Experiences like that, however, have given John Moreland a new lightness about creating and music-making that eluded him during much of the past decade. The idea that he is becoming something of a “mid-career” artist is more liberating than anxiety-inducing, because he knows he has built a dedicated fanbase of true believers and doesn’t feel as much of a need to prove himself. 

“When you’re first receiving attention, there’s this feeling that every little step you take matters so much,” he says of breakthrough albums like 2013’s In the Throes and 2015’s High on Tulsa Heat. “I found it pretty stressful. It’s hard to just chill and do your thing, because you’re thinking, ‘I have to play my cards right. And I don’t want to let down all these people I’m working with now. I’m just some fucking guy; I don’t know what I’m doing.’ I’m much more comfortable now, because, yeah, it does feel like I’m more established and I can just kind of do what I want. I’m not looking for everything I do to make or break me.”

The hazy and ethereal songs that make up Birds in the Ceiling (released via Old Omens/Thirty Tigers) are a determined continuation of Moreland’s exploration of new sounds and textures. Starting with only an acoustic guitar, “Claim Your Prize” is guided by a subtle electronic pulse throughout the song; “Lion’s Den” and “Cheap Idols Dressed in Expensive Garbage” are propelled by programmed drum loops. 

Many of the new songs hint at external turmoil, from the opening lines of “Neon Middle June” (“Deep in the city wild/Stray dogs in the sky”) to the warnings of “Truth Be Told” (“The saints came self-appointed/Said they were anointed”). It’s a natural progression for a songwriter who began his solo career by fearlessly and devastatingly examining his personal life, but has felt things start to stabilize over the course of his thirties. “In the last ten years or so, my immediate life around me has just gotten better and better in most ways,” he says. “So I keep zooming [out] a little bit more because I don’t have shit right in front of me to complain about.”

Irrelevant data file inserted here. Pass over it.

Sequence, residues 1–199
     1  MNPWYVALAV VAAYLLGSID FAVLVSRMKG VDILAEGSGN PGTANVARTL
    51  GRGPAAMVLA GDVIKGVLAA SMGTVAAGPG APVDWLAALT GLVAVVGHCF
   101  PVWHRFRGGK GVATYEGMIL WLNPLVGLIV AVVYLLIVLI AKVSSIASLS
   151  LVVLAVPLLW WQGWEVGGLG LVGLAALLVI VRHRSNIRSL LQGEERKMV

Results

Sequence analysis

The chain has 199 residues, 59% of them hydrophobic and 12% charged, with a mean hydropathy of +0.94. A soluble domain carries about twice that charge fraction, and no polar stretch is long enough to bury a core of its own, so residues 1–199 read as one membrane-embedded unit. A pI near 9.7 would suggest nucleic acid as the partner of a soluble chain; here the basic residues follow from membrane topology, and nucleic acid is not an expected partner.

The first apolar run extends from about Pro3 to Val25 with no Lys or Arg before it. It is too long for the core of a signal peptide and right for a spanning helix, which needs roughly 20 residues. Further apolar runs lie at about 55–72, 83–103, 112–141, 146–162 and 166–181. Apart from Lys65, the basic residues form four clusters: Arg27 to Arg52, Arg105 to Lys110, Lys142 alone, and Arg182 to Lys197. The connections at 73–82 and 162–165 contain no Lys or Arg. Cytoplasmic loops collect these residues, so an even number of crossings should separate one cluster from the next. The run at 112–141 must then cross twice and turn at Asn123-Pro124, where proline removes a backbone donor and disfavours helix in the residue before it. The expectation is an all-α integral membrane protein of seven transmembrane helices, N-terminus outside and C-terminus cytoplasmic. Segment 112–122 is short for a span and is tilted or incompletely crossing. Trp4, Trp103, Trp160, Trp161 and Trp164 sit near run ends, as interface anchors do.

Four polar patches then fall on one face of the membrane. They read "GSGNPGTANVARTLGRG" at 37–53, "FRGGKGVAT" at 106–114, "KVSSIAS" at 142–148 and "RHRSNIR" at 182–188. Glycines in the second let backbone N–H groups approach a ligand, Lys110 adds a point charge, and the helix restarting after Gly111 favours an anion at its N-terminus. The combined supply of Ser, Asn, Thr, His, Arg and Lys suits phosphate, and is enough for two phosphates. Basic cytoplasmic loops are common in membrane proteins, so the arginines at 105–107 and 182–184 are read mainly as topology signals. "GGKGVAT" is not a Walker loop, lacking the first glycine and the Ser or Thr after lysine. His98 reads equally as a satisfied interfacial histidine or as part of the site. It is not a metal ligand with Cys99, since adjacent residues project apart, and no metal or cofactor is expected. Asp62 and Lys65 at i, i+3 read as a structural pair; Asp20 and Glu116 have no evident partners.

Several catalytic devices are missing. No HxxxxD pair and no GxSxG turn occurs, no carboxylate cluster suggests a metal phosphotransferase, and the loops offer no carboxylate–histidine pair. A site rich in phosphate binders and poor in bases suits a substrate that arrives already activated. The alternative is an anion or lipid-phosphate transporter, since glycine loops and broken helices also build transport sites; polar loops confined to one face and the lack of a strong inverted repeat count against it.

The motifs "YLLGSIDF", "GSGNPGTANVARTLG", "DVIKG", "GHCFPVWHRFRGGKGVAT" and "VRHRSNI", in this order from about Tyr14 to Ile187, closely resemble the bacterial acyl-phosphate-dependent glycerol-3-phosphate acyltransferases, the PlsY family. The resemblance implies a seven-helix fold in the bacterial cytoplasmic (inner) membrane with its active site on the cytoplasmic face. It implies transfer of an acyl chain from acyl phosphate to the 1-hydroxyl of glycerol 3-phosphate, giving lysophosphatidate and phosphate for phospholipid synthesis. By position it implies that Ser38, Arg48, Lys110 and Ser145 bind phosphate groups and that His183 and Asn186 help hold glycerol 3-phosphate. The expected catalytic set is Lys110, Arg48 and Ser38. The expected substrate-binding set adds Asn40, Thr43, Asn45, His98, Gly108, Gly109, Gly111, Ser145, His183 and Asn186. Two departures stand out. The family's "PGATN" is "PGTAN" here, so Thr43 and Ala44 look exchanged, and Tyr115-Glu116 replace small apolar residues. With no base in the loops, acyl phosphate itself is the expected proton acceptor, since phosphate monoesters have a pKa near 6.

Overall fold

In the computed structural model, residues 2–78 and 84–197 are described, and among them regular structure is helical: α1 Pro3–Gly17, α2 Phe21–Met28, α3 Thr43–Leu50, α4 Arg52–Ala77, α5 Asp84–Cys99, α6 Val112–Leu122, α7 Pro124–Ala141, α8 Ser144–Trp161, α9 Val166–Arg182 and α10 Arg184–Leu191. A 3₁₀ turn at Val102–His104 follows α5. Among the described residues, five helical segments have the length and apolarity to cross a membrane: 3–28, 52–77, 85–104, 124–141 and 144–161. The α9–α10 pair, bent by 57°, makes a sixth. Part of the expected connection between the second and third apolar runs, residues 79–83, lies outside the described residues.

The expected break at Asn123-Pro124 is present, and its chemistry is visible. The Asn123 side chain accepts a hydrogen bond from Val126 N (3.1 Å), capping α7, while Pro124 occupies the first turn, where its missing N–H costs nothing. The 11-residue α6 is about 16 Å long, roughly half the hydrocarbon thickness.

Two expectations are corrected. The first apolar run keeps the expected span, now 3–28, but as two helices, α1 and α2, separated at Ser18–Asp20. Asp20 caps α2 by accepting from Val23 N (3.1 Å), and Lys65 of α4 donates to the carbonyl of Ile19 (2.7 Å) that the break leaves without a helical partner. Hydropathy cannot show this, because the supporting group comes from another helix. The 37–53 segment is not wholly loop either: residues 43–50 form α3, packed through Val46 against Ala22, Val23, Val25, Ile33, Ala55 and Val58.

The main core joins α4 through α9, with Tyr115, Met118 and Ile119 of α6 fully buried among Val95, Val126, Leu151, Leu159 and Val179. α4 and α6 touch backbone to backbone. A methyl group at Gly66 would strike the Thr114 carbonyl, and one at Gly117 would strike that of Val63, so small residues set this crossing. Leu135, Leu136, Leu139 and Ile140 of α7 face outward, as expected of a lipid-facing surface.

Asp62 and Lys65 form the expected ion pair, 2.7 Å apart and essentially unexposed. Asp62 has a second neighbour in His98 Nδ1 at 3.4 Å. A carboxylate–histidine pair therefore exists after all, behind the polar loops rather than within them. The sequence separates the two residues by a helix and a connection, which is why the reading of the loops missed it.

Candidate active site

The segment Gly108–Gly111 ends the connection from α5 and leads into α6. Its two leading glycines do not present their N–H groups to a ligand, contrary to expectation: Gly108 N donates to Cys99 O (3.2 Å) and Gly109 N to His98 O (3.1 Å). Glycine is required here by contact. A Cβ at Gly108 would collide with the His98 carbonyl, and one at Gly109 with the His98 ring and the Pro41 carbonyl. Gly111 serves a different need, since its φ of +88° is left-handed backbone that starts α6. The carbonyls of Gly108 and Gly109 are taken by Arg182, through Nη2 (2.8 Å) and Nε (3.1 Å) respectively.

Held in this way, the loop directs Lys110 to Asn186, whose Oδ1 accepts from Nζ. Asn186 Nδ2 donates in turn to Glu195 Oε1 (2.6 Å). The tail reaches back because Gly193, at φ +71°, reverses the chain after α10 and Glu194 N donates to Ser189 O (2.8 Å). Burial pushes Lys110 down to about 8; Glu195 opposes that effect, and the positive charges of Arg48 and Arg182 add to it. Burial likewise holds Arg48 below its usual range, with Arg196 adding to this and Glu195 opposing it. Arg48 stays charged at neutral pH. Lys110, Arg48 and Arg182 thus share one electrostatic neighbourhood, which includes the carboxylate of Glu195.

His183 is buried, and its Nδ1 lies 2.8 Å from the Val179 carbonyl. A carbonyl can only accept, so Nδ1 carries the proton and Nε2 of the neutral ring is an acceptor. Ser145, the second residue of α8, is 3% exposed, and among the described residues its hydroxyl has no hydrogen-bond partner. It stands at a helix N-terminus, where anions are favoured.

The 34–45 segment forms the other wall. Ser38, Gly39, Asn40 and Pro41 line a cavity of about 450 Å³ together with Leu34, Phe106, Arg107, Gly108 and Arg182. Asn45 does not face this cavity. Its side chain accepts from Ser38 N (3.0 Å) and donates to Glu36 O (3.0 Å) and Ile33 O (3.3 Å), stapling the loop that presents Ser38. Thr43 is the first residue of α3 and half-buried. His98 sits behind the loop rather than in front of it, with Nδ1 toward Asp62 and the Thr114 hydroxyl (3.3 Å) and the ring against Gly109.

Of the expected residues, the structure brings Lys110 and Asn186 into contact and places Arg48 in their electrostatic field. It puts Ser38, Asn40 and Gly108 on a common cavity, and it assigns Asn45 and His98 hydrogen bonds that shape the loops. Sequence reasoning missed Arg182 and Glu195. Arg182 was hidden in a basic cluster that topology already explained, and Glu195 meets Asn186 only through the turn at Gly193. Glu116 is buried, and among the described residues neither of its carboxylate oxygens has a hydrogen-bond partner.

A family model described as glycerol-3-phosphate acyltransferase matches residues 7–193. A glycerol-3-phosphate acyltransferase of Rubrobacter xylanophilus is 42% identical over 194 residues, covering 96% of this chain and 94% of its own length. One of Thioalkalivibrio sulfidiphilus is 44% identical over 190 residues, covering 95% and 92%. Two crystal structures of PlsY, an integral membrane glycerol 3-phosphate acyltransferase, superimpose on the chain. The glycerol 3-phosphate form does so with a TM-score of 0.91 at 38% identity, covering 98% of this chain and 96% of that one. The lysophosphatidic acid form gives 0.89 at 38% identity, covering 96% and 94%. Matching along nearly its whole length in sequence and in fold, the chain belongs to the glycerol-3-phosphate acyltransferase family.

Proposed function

The last few years in the United States have, on the other hand, given Moreland plenty to write about. He says he’s already at work on a seventh album that may tackle these topics even more directly (“It’s lyrics about mass shootings and empires falling and shit,” he says). That project may very well turn out to be an extremely quiet, acoustic record. But Moreland knows he can, at long last, do anything he wants. He would like to one day make a fully electronic record — Birds in the Ceiling still features many acoustic instruments — and would also love to return to his hardcore roots and make a loud rock guitar record. In the meantime, he’s excited to put his newfound influences front and center when he performs live: He’s using a sampler onstage for the first time. 

Moreland perks up when he imagines what type of music he might make in the future — excited by the possibilities, the openness and freedom of it all. “Nothing is off the table, I’ll just say that,” he says. “Don’t be surprised by anything.”